In this terribly difficult time, I’m keenly aware of how fortunate I am. I think many of us are. My loved ones are healthy and I’m still working every day. It is hard to reconcile the relative calmness of my life with the tragedies being endured by so many others.

I’ve been photographing my everyday life more than ever before. I think it is partially just something for me to do, and also because I know that people will be talking about this time for years to come and I’ll want to remember how I lived it.

I’ve been in the same small apartment in Portland with my boyfriend, Colin, since we moved to Maine almost four years ago. Other than a blatant lack of closets, the one-bedroom life hasn’t bothered me much. It has become an imperfect home, but since the start of this pandemic I have become hyper aware of just how little space we have. How big the outside is compared to our four tiny rooms. I picked this apartment because of the windows and I still love the light we get, especially in the morning. In the winter and during global pandemics it gives me a small amount of joy on every sunny day.

To combat our lack of space, we’ve been going outside a lot. I take a (masked) walk around my neighborhood most days. I’ve noticed so many small details I never have before. How the sunset reflects on certain windows, or how quickly the blooms on the trees fall to the ground. We’ve also been frequenting a lot of trails and nature preserves outside of Portland. Ones that are generally less busy. I recently saw a photo of the social distancing circles drawn in the grass at parks in New York City and I breathed a sigh of relief that I live somewhere where I don’t have to work very hard to find a place to be outside without other people. Every day I’m grateful to wake up in Maine.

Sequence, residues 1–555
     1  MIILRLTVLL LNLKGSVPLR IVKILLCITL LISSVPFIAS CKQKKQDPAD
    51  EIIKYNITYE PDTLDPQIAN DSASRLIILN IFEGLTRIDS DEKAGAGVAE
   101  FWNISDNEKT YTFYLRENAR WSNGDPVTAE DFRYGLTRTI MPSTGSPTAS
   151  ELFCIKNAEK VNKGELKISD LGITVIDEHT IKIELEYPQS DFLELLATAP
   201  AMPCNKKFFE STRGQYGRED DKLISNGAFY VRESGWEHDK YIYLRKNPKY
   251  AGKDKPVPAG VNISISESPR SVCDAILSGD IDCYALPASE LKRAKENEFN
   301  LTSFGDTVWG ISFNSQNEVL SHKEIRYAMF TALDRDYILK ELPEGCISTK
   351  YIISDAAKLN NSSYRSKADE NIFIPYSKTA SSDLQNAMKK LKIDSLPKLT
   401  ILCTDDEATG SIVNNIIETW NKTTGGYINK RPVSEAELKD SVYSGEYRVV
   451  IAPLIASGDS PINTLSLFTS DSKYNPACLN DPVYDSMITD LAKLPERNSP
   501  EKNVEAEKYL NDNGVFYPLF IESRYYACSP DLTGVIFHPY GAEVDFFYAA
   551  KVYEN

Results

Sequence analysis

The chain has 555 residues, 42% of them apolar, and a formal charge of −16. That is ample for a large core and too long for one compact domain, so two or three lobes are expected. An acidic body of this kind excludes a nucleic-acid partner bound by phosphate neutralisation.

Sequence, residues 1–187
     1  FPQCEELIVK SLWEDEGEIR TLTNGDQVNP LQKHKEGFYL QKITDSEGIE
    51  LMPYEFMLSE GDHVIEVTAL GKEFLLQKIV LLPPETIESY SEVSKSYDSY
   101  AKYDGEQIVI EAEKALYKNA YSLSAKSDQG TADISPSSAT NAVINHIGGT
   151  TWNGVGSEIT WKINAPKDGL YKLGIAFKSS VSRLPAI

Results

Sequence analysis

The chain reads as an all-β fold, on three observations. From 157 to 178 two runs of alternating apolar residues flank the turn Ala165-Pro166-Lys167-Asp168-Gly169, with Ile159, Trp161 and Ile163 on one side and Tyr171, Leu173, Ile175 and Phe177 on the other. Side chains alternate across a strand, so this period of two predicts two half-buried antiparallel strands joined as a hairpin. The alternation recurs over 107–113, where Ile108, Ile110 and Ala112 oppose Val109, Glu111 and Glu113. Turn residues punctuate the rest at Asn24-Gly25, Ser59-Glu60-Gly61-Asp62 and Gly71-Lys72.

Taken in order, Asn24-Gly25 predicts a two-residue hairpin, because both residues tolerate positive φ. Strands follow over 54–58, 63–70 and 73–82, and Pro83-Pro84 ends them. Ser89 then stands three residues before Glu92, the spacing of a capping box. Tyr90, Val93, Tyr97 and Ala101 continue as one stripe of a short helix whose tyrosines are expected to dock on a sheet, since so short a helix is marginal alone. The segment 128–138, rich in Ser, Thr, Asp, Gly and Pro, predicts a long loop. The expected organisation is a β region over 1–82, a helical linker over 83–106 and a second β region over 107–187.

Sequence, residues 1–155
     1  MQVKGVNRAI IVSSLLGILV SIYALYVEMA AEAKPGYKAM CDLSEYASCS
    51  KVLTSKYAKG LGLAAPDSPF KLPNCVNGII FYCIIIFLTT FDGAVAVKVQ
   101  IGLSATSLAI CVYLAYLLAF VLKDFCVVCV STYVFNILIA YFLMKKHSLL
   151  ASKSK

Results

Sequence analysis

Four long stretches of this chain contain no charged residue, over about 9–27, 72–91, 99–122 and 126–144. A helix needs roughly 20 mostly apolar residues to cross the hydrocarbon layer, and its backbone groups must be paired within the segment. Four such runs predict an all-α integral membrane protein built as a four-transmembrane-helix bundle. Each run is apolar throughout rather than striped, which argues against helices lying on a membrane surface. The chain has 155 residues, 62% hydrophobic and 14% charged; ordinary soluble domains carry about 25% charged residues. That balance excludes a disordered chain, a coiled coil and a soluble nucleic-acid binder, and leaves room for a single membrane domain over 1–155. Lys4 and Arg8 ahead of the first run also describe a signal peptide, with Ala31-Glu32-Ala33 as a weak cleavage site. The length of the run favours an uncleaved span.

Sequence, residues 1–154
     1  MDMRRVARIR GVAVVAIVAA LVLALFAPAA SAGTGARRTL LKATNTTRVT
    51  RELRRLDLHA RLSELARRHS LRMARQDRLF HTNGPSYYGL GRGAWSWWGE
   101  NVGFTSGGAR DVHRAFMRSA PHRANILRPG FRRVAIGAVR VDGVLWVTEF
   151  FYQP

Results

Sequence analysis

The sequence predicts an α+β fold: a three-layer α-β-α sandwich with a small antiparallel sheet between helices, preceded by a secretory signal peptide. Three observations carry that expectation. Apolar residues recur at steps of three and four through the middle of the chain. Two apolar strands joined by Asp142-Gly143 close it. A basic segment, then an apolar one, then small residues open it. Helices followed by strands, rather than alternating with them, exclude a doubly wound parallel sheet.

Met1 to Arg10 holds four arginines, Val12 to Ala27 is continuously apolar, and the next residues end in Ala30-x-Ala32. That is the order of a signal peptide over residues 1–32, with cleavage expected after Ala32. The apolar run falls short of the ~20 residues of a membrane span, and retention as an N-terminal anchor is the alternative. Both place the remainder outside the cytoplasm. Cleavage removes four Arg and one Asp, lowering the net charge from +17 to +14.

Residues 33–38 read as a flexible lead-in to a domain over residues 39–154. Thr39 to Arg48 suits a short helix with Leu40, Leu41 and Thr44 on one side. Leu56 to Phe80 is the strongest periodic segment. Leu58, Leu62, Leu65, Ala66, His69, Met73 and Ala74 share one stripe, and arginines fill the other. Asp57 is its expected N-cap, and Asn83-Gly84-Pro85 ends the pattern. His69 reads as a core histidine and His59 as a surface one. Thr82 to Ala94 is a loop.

Colin works at a local restaurant and like most service industry workers he lost his job back in March. I remember the day he came home from work and we realized that he probably wouldn’t be going back anytime soon. He is used to working over 40 hours a week, and having all of this free time has been really strange for him. He has taken up fly fishing and hasn’t looked back. He goes out almost every day. As millennials we’ve accepted that we probably won’t get to retire, so he is currently living out his retirement at age 29.

I think we’ve both realized that there are unexpected bright spots to this moment. I’ve learned to savor them. We’re talking more with all of our friends who live far away. Unemployment means that Colin is home for dinner every night, but overall, I just wish this would end. I know it won’t, though. At least, probably not anytime soon. I wish I could get on a plane, fly to Nebraska and give my family a hug. I mostly wish that hundreds of thousands of other people, victims of this awful virus, were still alive and able to give their families hugs, too.

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